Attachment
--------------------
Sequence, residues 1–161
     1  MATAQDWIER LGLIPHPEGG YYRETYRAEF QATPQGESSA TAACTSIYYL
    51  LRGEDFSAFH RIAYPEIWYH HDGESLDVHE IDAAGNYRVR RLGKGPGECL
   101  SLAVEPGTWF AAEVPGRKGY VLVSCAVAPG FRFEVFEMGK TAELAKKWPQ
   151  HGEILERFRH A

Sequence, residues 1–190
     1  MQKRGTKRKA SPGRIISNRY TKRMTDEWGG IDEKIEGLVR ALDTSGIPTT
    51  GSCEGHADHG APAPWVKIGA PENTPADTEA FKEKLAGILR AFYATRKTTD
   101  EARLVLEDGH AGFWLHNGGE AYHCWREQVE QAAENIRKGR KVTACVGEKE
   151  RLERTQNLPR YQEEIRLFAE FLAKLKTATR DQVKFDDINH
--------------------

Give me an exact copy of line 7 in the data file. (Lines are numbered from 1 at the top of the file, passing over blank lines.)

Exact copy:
     1  MQKRGTKRKA SPGRIISNRY TKRMTDEWGG IDEKIEGLVR ALDTSGIPTT